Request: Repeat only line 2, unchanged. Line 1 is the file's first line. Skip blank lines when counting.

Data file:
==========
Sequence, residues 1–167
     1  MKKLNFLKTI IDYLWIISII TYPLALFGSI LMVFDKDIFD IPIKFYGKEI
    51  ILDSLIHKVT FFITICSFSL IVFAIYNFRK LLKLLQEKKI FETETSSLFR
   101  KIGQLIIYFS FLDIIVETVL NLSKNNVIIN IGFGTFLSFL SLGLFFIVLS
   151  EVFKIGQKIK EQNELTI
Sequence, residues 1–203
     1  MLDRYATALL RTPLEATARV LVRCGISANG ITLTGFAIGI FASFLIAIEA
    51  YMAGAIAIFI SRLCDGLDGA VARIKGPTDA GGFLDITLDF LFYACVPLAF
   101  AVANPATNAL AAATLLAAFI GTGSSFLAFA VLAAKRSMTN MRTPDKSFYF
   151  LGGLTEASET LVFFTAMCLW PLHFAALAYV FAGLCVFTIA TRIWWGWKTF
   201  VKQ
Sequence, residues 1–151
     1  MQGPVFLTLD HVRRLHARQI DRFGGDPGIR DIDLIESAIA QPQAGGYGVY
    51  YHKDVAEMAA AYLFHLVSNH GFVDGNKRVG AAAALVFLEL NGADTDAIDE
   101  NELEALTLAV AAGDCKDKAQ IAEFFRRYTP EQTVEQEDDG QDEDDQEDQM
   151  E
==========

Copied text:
     1  MKKLNFLKTI IDYLWIISII TYPLALFGSI LMVFDKDIFD IPIKFYGKEI